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Business leader: Regulations stunt growth
He blames Democrats in Senate
Question of the Day
“You cannot just walk away, throw your hands up and say, ‘Well, I can’t do it my way, so therefore, we can’t do anything,’ ” Mr. Engler said.
“You have to stay at this, and the leaders have to make it happen,” he continued.
“I’m very frustrated that we have too many people trying to approach this almost from the perspective ‘my way or the highway.’ “
Mr. Engler pointed the finger at Senate Democrats.
“The reality is Speaker [John A.] Boehner has passed a lot of legislation,” he said. “The Senate hasn’t passed very much.”
A major group of free-trade deals with South Korea, Colombia and Panama was passed this year after a half-decade of negotiations, but it took “way too long,” Mr. Engler said.
“If we look ahead, we need to have a lot more ambition” in the future, he said.
Mr. Engler also expressed disappointment in a lack of movement on the Keystone XL pipeline. The 1,700-mile conduit that would extend from Canada to Texas is expected to create some 20,000 jobs, while easing the nation’s dependence on overseas oil. The president was expected to approve it by the end of this year, but now will have to wait a couple more years for the State Department to run additional tests.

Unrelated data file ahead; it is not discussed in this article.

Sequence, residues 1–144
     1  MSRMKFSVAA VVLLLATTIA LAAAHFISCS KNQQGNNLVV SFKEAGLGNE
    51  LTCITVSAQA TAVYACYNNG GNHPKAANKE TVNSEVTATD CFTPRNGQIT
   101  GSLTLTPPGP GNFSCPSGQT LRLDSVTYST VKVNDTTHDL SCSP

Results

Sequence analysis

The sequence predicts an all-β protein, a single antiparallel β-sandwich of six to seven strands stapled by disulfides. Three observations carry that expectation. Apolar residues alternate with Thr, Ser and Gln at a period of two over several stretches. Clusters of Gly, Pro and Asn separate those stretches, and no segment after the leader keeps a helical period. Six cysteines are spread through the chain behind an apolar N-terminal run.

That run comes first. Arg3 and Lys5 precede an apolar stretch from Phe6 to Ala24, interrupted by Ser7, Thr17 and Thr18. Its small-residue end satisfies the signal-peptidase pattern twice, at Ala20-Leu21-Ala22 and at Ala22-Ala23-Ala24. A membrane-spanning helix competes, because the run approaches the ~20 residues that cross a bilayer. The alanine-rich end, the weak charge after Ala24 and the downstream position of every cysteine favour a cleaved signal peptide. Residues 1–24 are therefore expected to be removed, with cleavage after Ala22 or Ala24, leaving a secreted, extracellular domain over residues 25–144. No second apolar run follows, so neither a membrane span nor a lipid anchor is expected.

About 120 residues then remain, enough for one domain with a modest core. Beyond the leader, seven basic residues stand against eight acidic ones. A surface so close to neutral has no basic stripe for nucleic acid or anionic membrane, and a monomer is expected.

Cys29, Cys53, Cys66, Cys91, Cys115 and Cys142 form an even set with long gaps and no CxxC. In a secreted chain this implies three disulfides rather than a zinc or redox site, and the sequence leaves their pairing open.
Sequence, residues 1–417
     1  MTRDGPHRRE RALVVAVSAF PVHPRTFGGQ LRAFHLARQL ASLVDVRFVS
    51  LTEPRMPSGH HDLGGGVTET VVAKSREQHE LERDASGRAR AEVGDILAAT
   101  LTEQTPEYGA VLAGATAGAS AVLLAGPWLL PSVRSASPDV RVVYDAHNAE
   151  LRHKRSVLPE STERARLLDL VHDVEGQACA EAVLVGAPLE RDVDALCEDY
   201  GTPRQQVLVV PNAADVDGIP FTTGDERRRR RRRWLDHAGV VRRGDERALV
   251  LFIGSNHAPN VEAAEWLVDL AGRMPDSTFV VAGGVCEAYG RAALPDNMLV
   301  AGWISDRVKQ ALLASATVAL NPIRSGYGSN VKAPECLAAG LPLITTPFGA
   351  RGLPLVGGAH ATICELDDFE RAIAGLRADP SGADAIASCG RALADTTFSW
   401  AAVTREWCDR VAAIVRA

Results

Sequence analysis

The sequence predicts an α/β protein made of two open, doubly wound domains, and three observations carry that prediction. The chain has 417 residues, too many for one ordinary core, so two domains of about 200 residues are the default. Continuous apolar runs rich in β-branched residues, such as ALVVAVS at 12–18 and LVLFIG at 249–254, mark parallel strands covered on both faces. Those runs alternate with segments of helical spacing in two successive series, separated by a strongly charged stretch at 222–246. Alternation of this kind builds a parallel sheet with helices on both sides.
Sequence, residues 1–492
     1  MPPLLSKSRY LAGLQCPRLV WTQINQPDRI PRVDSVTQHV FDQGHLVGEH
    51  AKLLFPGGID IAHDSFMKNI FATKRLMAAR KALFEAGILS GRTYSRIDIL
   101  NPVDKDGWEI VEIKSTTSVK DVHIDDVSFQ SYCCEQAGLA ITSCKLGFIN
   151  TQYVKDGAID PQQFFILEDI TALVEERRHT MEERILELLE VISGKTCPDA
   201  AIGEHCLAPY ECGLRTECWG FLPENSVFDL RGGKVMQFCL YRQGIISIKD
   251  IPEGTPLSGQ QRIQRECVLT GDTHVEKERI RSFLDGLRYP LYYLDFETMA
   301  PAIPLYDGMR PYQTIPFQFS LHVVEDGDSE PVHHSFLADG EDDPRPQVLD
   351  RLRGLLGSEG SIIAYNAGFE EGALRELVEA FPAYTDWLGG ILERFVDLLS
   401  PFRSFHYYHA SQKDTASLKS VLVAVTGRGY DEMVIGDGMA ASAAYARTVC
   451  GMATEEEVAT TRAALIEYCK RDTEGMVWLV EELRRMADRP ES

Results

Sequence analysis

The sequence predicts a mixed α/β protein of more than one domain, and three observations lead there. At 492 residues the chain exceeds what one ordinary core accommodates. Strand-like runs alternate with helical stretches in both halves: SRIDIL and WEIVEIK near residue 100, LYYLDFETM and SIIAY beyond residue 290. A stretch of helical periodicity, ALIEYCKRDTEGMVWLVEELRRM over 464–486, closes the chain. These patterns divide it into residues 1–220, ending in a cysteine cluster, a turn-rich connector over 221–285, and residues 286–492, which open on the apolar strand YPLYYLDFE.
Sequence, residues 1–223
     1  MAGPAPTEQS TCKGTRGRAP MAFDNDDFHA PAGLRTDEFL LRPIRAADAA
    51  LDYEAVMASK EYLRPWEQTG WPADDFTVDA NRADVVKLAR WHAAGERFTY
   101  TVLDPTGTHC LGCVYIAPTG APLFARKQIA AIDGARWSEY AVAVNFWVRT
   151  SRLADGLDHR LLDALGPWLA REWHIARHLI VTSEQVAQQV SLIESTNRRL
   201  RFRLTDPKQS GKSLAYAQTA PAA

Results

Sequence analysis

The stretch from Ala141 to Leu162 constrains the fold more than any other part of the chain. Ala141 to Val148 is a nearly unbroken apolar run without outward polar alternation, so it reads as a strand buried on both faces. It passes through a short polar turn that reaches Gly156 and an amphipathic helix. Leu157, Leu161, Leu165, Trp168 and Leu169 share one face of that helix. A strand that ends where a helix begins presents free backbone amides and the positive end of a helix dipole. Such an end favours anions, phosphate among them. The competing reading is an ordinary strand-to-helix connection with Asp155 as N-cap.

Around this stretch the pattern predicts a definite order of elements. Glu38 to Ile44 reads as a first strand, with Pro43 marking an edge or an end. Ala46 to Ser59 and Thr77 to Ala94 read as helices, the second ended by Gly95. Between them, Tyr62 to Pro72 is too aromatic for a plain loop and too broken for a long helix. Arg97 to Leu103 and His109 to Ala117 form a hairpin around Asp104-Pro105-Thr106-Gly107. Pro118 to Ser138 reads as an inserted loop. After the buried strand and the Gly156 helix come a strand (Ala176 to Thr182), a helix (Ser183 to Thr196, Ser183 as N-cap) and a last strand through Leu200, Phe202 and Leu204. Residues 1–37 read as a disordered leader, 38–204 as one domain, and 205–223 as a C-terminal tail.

“It becomes harder and harder to believe that’s what the president wishes to happen,” Mr. Engler said.
This all adds up to making the U.S. “one of the toughest places in the world” to weed through regulations and do business, according to Mr. Engler.
“Most places you would go and you would find that government and business actually are working together,” he said. “Here, it’s very, very hard to do that.”
© Copyright 2014 The Washington Times, LLC. Click here for reprint permission.
About the Author
Tim Devaney is a national reporter who covers business and international trade for The Washington Times. Previously, he worked for the Detroit News, Grand Rapids Press, Portland Press Herald and Bangor Daily News. Tim can be reached at email@example.com.
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